Shafi Goldwasser (MCS 1979)
Director, Simons Institute for the Theory of Computing, Professor of Computer Science
University of California, Berkeley
Honorary Doctor of Science and Technology
Shafi Goldwasser, who earned her bachelor’s degree in applied mathematics from Carnegie Mellon University in 1979, is among the world’s elite computer scientists. In 2012, she received the Association for Computing Machinery’s Turing Award, the highest honor in computer science given to an individual for their contributions “of lasting and major technical importance to the computer field.”
Goldwasser’s pioneering contributions include the introduction of probabilistic encryption, interactive zero knowledge protocols, elliptic curve primality testings, hardness of approximation proofs for combinatorial problems and combinatorial property testing.
In addition to the Turing Award, Goldwasser is a two-time winner of the Gödel Prize (1993, 2001) for outstanding papers in the area of theoretical computer science. She received the ACM Grace Murray Hopper Award, the RSA Award in Mathematics, the ACM Athena Award for Women in Computer Science, the Benjamin Franklin Medal, the IEEE Emanuel R. Piore Award, the Simons Foundation Investigator Award, and most recently the BBVA Foundation Frontiers of Knowledge Award in 2018.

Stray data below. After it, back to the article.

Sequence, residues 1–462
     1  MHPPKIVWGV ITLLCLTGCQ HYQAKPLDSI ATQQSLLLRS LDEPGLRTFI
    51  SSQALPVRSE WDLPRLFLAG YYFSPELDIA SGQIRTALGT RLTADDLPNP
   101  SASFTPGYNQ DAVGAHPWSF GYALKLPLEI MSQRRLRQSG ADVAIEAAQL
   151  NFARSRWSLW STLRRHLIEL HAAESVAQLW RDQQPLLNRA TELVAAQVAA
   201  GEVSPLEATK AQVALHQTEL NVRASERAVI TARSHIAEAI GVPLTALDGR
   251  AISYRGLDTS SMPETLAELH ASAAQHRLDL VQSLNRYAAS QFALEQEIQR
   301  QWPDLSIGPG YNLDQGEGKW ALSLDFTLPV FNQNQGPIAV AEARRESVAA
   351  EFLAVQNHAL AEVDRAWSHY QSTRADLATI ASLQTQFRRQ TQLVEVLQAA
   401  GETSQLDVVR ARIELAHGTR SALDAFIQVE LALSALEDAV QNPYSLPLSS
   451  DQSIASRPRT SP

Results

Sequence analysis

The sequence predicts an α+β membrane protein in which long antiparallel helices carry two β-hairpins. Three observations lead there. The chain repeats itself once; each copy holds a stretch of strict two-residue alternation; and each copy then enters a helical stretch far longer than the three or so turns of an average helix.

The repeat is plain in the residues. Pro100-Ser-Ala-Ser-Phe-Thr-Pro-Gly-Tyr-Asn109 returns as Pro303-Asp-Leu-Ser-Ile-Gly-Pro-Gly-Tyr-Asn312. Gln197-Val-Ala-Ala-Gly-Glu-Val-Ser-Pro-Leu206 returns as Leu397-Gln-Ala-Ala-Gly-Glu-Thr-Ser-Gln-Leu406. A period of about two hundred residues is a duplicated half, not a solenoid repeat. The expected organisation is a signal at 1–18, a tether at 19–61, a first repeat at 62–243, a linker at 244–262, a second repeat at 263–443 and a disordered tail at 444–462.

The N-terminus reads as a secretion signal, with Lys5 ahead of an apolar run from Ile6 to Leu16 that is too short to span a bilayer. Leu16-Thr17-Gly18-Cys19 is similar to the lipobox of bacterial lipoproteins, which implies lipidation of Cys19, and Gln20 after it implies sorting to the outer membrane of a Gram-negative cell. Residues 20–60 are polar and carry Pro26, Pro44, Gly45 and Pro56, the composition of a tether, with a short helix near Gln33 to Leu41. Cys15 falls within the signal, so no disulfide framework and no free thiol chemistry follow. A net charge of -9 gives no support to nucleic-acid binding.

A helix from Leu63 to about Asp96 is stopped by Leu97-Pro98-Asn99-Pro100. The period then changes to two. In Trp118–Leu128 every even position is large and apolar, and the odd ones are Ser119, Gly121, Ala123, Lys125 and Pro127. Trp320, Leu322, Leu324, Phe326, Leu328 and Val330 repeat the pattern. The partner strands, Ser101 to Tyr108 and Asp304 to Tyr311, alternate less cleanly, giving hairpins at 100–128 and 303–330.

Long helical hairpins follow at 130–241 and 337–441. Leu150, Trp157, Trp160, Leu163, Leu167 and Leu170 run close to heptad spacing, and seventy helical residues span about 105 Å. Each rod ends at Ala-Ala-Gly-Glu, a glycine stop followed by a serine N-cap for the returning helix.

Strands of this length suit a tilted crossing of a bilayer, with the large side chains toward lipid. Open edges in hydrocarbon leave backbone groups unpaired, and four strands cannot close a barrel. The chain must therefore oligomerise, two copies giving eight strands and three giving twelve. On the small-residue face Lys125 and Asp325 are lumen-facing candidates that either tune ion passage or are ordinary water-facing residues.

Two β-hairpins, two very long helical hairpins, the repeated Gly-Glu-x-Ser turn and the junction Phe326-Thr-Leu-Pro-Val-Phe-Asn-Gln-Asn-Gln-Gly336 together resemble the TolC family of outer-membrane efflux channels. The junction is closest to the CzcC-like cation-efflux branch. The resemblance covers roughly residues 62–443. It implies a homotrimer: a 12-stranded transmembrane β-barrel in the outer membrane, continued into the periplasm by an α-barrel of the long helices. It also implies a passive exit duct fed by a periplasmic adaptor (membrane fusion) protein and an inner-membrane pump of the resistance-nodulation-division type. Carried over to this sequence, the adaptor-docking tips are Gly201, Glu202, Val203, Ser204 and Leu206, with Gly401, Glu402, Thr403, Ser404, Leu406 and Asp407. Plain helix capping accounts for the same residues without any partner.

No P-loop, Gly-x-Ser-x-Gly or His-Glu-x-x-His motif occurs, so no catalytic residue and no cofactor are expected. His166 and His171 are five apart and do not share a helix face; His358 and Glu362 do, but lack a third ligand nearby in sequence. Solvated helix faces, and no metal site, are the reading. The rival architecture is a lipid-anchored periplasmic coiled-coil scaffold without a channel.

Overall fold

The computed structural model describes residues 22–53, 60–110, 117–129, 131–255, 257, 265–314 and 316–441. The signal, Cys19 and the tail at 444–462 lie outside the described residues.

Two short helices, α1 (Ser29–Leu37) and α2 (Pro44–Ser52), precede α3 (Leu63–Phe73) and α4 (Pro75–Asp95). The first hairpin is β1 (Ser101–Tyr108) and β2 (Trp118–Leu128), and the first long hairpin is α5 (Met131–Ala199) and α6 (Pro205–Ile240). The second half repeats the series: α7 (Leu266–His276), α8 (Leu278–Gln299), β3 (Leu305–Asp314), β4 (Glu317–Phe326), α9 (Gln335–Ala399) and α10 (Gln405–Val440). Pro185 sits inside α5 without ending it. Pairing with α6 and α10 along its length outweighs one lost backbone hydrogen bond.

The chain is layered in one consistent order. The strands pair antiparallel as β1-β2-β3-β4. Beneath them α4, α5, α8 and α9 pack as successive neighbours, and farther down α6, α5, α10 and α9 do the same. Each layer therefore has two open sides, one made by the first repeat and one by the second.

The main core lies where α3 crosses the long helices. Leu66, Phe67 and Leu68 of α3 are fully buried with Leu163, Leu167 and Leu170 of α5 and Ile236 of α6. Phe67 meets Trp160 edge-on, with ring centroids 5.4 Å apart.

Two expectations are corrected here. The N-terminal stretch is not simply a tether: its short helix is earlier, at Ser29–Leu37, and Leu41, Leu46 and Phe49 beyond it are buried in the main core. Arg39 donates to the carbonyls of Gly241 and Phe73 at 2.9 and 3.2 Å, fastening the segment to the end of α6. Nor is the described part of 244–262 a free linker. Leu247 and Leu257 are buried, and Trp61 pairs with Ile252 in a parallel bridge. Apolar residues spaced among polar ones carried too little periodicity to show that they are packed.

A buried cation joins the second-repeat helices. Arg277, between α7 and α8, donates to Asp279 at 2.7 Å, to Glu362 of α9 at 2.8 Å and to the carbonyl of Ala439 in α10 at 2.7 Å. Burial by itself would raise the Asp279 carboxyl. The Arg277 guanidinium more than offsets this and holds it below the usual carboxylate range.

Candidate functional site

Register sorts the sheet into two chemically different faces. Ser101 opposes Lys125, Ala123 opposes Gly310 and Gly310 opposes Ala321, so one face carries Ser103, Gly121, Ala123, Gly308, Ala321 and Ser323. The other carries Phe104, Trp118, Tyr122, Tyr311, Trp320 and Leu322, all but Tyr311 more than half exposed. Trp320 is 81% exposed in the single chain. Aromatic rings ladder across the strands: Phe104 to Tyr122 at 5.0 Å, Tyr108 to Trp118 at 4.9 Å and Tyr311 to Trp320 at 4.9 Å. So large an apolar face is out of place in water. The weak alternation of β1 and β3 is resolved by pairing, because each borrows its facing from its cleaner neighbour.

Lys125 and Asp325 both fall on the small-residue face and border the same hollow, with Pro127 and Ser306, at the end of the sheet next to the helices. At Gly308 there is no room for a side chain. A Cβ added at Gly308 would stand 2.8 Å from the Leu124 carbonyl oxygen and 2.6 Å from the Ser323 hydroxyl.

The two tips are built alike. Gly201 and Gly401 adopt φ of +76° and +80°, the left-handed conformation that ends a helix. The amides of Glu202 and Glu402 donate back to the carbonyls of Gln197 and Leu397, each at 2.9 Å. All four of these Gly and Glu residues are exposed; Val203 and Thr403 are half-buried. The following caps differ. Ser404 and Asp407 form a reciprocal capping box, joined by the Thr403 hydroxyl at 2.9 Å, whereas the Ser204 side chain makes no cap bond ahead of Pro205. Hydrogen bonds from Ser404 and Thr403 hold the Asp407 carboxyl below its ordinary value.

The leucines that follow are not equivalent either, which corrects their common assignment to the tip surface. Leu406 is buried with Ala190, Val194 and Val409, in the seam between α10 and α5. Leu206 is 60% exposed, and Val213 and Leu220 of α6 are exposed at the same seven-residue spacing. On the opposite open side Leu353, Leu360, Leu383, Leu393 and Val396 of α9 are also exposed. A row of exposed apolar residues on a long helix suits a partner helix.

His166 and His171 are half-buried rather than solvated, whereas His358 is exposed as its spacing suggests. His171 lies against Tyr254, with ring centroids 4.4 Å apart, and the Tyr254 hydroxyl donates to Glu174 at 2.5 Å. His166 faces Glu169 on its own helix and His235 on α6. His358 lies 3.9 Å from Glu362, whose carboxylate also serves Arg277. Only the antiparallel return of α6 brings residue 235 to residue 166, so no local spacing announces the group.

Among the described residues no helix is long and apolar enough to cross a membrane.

Goldwasser is a member of the National Academy of Sciences, the National Academy of Engineering, the American Association for the Advancement of Science, the Russian Academy of Science, the Israeli Academy of Science and the London Royal Mathematical Society.
She earned her master’s degree and Ph.D. in computer science from the University of California, Berkeley, in 1984. She has been awarded several honorary degrees, the Berkeley Distinguished Alumnus Award and the Barnard College Medal of Distinction.